Home Business News Heathrow unveils plans to tackle bad weather

Heathrow unveils plans to tackle bad weather

by LLB Editor
29th Sep 11 1:56 pm

BAA’s new winter resilience programme should deliver a more reliable service to business people using London Heathrow during periods of inclement weather.

Heathrow was blighted by delays and cancellations around Christmas last year as heavy snow forced a near-shutdown of the airport, causing chaos for business passengers and tourists alike. Airport operator BAA faced severe criticism for its failure to deal with the difficult weather conditions.

But London’s busiest airport will now have more staff and equipment on hand to deal with any future bouts of bad weather under BAA’s winter resilience programme.

It will have a fleet of 185 snow clearance vehicles available this Christmas, triple the number that were available in December last year. The number of staff available to clear away snow will also be tripled, from 117 to 468 every shift.

Meanwhile, some 950 non-operational staff could be deployed to terminals during periods of disruption to assist passengers.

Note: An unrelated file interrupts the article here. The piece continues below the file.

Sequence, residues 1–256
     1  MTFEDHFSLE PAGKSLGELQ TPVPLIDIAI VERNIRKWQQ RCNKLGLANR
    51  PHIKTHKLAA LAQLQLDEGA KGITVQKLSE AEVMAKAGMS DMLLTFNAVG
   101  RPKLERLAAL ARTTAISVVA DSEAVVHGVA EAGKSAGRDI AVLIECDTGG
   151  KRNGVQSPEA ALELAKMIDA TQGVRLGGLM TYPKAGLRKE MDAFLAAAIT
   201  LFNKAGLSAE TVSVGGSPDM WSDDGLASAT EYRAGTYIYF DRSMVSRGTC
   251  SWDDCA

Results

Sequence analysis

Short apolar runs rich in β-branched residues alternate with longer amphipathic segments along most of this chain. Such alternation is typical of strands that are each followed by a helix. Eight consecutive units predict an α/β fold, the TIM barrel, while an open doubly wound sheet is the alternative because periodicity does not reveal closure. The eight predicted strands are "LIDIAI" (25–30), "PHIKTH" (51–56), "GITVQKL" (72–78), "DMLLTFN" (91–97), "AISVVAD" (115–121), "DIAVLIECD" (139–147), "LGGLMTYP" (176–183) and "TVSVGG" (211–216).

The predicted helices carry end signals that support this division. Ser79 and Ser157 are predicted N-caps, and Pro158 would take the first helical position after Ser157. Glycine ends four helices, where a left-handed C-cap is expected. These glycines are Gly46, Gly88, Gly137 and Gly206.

Heathrow chief operating officer Normand Boivin said: “Much has been done to improve Heathrow’s response to severe winter weather and there is more still to do.

“There will be lots of attention on Heathrow the next time it snows heavily. We won’t be perfect but we will be better, and we will improve each time we practise our new response plans.

“There will still be times when for safety reasons airports have to close during severe weather, but the work detailed in today’s report means that this should happen less often at Heathrow and that the airport community responds better when it does.”

Passengers can also expect to receive more accurate information about whether their flight will be operating or not. Take-off and landing slot allocator ACL, air traffic control outfit Nats and the airlines have put together a new process for managing flight cancellations to keep passengers better informed.

Some £32.4m has been earmarked to implement the measures by BAA so far.

BAA chief information officer and winter resilience programme director Philip Langsdale said: “Heathrow Airport has worked constructively with airlines, air traffic control and other parties to implement the inquiry’s recommendations, and we are all determined to make further progress. The work done so far has taken the coordination and collaboration of many different organisations.

“Our priority has been to ensure we can be prepared for extreme weather ahead of the event so that we can better inform passengers and airlines of our plans. The work achieved so far will help us to serve passengers better at Heathrow on days when there isn’t snow just as much as on those rare occasions when there is.”

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